It seems, at times, Emanuel alienates some members of Congress along the way. Should he even be in this role of spending time on Congressional matters? Well, my answer is conditional: He should be doing it only if the President and he have really been on the same page and communicating well about all matters relating to health care. I doubt that has been true.
This brings me my response to Milbank's other major point: That Jarrett, Gibbs and Axelrod have an inflated view of Obama and that this colors their entire treatment of him. My impression of the Obama White House, at this point, is that, yes, in fact, not enough of his advisors are speaking the truth to him about how he comes across and other matters. You get a sense that Obama desparately needs some plain, blunt talk from his advisors, best friends and family. Someone should tell him he's overexposed, for instance. Someone should tell him that when he makes a typical public appearance, he talks too long - period. Someone should tell him to stop making so many appearances across the country and to stop doing media interviews, but, when he does, they should add, he should stop coming across like he's "lecturing" or explaining his positions. He has to loosen up and describe his outlook more - to humanize his image.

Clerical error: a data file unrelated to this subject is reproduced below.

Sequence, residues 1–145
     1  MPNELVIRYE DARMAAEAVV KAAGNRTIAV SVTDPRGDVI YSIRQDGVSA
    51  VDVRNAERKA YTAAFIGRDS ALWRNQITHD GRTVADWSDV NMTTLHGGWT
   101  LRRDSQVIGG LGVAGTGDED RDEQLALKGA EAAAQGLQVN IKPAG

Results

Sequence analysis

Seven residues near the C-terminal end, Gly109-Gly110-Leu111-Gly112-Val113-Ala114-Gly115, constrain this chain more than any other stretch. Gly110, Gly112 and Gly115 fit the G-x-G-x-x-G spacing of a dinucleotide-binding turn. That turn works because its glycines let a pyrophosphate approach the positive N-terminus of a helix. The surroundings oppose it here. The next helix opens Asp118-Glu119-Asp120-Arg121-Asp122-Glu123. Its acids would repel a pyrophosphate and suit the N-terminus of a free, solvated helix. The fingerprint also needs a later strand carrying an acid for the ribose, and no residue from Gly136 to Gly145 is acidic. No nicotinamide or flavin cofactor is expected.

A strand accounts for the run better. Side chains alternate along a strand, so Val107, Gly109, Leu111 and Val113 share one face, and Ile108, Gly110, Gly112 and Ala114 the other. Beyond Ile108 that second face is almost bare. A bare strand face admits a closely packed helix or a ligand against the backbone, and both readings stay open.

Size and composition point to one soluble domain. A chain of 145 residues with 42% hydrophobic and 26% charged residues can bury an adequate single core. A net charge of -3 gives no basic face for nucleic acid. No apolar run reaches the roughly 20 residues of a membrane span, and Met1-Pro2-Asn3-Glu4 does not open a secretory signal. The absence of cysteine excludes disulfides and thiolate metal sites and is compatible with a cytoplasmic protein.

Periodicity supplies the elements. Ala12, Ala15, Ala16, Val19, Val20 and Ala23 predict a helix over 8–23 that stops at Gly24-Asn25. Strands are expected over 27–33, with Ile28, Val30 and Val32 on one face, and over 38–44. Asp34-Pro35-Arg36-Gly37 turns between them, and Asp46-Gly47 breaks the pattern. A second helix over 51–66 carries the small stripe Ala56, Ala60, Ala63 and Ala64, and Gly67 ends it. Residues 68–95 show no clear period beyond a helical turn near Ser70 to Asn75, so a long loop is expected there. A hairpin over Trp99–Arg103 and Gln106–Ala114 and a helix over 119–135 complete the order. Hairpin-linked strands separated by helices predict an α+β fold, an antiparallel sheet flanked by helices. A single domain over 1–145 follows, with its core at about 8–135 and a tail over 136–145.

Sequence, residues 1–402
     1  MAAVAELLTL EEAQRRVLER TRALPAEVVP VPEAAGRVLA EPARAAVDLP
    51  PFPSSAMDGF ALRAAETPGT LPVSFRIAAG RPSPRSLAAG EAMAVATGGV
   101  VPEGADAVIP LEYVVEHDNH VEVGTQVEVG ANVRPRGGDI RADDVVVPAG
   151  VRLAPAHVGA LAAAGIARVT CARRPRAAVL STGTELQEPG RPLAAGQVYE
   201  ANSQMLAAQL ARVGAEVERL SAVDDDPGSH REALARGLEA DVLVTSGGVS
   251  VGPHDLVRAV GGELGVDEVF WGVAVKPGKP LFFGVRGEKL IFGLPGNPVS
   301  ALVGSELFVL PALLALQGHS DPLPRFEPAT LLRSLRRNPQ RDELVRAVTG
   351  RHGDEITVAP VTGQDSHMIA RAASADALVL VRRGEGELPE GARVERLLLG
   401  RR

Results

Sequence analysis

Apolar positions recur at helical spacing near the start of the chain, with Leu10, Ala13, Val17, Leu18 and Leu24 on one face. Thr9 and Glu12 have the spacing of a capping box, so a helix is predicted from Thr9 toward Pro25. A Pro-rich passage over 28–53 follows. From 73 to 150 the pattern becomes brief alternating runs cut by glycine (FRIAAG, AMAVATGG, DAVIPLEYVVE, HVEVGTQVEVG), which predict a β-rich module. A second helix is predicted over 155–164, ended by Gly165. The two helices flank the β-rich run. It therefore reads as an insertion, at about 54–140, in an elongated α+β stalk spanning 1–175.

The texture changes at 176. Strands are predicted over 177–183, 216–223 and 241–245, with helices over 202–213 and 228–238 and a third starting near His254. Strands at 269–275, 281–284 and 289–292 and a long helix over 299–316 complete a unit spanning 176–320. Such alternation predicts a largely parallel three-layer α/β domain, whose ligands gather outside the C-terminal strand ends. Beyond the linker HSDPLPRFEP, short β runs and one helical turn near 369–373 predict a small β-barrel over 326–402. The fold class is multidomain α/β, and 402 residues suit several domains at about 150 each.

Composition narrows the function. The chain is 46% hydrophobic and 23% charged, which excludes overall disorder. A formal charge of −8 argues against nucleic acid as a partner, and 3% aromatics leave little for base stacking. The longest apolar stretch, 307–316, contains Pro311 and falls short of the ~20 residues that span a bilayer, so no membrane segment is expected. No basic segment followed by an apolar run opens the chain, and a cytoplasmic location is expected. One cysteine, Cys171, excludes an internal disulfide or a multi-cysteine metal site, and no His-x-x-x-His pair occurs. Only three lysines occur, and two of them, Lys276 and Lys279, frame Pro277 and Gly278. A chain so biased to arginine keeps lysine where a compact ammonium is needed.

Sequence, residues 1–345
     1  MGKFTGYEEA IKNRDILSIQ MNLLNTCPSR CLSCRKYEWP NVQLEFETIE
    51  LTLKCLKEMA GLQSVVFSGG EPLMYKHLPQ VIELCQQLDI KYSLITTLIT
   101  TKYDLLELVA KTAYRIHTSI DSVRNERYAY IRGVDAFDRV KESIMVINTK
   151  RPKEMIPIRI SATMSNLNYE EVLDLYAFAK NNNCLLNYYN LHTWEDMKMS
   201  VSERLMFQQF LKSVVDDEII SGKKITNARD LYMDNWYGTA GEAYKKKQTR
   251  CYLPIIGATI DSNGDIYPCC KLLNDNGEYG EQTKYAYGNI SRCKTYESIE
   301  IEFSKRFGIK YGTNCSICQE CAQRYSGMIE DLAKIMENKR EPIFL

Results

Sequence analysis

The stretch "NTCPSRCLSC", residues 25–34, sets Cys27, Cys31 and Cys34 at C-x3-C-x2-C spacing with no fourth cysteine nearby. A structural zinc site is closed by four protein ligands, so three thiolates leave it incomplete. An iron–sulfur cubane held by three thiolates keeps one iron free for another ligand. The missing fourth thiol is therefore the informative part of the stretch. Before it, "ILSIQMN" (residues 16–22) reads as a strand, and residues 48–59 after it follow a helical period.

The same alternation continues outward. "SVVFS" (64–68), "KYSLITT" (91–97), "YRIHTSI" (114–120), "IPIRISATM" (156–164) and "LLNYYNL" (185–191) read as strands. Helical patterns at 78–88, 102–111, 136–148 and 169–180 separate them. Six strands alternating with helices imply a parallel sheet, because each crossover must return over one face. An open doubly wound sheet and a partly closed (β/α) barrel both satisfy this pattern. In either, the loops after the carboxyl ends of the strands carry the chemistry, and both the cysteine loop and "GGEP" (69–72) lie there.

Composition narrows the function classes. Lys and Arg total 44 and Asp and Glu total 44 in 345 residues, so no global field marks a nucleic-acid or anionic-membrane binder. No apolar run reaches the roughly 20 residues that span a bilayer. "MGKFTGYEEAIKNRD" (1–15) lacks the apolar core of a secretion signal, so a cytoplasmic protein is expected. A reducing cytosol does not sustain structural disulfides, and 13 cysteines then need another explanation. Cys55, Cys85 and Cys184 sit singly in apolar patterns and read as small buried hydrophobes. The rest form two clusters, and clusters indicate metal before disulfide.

I hope there are many more articles and columns like Dana Milbank's in the weeks aheaad. We all should know a bit more about how Obama makes decisions with his inner circle. The less it's a secret, the more it'll let people feel they know Obama a bit better, and he, needs to be better understood right now.
I'll go further by saying I hope Obama and his team leak exchanges from occasional meetings they participate in. Why? To give us examples of how Obama leads and how he runs meetings. People, after one year, still feel they don't know this young President. His irrational, irresponsible right-wing critics have painted a distorted portrait of him.
It's time for Obama and his closest staff to open up more. I give Dana Milbank credit for writing one column that shares his insight and opinions about how things have worked out with Emanuel and Obama. It might inspire more pieces like it - and we'd all benefit from it.
If a bit more reporting on the inner circle happens, I think it'd help the White House. If Obama's team keeps avoiding that coverage, one would have to ask: What are they trying to hide?